Music News Digest, Jan. 24, 2018
Oh to have been a fly on the wall at Toronto's Revolution Recording on Monday, when the elite studio served as the locale for a chat between hot young R&B star Daniel Caesar and Tim Cook, CEO of Apple Inc. We're not sure of the background to the meeting, but Caesar noted on his FB page that "We got to chop it up with #TimCook today I was very shook but also very honoured. + shoutout Apple for the new gear." Intriguing stuff. Cook visited Canada for the first time as CEO on Monday, surprising students at a downtown Toronto Apple store to highlight the importance of learning to code, and dropping in on a group of developers to thank them for their contributions to the tech giant's app store.
– Matt Mays and his band headline Massey Hall’s Allan Slaight Stage and performs songs from his latest album Once Upon a Hell of a Time… along with a collection of old favourites, as part of the Live at Massey Hall concert and film series. Also on the May 4 bill is Kathleen Edwards.
– Award-winning music director, show host, and promotional rep Allison Brock is now the Director of Presenting at Banff Centre, effective Feb. 1. “I am very excited about this new chapter and looking forward to building a new presenting series with the Centre. It feels like a great fit and timing for the rest of my working life,” she tells the column. She is currently program manager with the Centre and can be reached at Allison_Brock@banffcentre.ca
– Vancouver quartet Band Of Rascals has announced a 15-city east-to-west tour promoting their Tempest EP, starting at London Music Hall on Feb. 1 and winding down at The Northern in Fernie, BC. New supporters include 977 HTZ FM, Live 885, Rebel 101.7, 89X and Rock 95.
– Drake released a two-song EP titled Scary Hours, featuring the new tracks “God's Plan” and “Diplomatic Immunity.” The second features strings and piano and has him rapping about his former dalliance with Jennifer Lopez:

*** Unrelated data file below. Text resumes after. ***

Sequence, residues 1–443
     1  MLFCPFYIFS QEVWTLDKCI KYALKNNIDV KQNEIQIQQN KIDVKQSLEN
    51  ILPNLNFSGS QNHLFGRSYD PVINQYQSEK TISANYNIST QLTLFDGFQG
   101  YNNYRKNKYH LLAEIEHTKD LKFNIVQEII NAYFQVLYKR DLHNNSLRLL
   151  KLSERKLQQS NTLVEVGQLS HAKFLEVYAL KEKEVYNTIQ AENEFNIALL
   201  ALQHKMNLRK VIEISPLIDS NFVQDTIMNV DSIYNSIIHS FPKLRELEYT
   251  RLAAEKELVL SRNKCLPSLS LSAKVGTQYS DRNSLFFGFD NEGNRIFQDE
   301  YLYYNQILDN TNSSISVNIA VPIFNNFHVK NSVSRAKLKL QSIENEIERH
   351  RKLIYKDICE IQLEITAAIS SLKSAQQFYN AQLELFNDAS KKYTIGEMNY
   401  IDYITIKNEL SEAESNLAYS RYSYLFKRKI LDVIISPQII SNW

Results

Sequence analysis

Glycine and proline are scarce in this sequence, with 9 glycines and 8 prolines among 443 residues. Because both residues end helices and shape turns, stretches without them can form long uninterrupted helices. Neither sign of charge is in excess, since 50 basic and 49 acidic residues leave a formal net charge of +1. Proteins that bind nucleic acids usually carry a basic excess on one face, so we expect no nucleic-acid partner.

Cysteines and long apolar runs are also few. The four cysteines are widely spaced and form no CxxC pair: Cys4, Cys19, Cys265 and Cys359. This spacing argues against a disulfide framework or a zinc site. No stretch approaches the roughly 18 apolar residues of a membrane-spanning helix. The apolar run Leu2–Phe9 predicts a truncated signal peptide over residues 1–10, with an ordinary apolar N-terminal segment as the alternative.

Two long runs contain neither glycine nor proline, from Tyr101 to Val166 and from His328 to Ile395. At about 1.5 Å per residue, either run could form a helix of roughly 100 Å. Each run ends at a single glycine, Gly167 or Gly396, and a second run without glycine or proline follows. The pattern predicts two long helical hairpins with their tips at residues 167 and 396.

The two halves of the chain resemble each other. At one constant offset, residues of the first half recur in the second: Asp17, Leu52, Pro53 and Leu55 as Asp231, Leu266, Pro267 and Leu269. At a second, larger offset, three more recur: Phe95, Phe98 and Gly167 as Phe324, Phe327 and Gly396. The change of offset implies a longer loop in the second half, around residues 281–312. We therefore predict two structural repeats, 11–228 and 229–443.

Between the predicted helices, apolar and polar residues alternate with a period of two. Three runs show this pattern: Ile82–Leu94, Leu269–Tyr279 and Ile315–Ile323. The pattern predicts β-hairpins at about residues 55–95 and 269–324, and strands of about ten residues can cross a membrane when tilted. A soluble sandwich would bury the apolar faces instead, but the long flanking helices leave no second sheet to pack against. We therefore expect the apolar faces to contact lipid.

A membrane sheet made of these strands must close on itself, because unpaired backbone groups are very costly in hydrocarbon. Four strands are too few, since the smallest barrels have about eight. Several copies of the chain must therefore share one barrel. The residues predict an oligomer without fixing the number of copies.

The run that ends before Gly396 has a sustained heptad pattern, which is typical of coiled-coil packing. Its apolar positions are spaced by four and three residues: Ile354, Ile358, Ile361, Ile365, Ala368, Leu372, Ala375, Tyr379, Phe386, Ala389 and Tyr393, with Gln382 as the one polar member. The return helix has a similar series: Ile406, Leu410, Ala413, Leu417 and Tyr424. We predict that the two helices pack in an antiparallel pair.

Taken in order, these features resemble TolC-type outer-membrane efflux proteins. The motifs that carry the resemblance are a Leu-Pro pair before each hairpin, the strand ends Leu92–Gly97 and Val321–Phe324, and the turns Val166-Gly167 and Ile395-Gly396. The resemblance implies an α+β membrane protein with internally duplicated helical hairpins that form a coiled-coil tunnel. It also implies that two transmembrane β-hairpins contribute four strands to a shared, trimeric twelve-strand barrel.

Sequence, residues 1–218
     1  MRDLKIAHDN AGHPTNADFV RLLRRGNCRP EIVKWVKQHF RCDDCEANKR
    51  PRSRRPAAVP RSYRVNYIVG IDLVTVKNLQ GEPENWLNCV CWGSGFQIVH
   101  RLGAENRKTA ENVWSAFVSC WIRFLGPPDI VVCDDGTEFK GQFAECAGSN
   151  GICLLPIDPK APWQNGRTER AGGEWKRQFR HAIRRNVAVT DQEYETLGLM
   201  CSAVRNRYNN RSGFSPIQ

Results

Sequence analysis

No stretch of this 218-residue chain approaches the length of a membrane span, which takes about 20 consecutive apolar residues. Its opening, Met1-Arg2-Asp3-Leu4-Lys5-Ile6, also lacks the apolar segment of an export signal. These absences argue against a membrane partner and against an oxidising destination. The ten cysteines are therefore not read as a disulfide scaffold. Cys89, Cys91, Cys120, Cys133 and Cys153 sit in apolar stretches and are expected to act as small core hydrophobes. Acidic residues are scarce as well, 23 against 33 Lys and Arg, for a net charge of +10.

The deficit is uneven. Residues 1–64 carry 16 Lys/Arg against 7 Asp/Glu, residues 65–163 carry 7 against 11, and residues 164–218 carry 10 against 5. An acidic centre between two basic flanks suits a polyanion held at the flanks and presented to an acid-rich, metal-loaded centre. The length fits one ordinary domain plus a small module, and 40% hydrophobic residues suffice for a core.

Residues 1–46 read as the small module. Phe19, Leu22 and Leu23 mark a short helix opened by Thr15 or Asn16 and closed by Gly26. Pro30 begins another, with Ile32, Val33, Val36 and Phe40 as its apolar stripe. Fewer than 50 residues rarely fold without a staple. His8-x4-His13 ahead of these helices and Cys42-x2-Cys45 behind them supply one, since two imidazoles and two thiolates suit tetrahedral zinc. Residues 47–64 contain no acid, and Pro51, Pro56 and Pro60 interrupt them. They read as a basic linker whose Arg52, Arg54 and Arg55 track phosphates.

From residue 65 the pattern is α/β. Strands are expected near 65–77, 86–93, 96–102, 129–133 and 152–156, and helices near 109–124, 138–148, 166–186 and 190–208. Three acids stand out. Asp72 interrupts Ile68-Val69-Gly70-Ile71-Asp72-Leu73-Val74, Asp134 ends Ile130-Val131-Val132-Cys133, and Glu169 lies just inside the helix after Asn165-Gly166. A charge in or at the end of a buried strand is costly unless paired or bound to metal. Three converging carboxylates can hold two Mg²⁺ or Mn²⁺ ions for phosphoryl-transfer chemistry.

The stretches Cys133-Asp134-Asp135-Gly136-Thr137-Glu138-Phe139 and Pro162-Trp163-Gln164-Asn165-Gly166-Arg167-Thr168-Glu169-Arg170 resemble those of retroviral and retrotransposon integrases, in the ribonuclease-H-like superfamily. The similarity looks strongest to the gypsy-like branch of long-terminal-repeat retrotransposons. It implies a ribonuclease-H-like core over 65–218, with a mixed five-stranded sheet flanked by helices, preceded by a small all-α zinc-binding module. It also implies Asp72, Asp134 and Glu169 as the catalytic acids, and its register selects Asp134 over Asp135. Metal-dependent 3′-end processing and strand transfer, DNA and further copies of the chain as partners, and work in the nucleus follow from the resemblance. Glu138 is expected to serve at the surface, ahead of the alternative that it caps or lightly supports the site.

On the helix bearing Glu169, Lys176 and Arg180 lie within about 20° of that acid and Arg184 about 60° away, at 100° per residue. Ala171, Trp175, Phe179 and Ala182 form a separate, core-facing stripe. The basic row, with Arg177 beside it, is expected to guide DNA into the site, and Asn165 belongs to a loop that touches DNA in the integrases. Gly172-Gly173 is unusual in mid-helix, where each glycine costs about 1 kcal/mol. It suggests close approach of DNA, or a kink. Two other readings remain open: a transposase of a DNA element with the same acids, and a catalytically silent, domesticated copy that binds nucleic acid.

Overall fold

"Booked a private room at Wylie's, waiter twistin' the cork/I got multi-colored rings like the Olympics, of course/ At award shows, cuttin' through the tension, of course/ Girls huggin' me then askin' me, 'what scent that is, boy?,' " he raps, adding that "2010 was when I lost my halo/ 2017 I lost a J. Lo/ A Rotterdam trip had me on front page, though."
Listen to the tracks on Spotify here.
– Separately, TMZ reports that Drizzy is dropping megabucks updating his US$8M Hidden Hills Yolo estate in California. The 12,500 square-foot, six-bedroom palace with extravagant trappings was briefly listed last year for $20M, but it seems he’s keeping his Lalaland playground, even as construction on his 35,000 square-foot hometown luxury mansion in the Bridle Path in Toronto continues.
– Reuters reports that Canada’s trade negotiators have won cultural protections in negotiations with the 11-member Trans-Pacific partnership club. .
– Singaporean Mandopop musician, singer-songwriter and music producer JJ Lin has David Foster as his music director on his upcoming 16-city Asian tour that opens in Shanghai on March 17. Foster also produced Lin’s latest album, Message In A Bottle – the Taiwanese superstar’s 14th that have cumulatively sold over a million copies in his home country. Ten years ago, Linn broke a Guinness record by signing 3,052 CDs in 2 hours and 30 minutes. During the signing, he was not allowed to drink or eat. The average time for him to sign a CD was 2.7 seconds.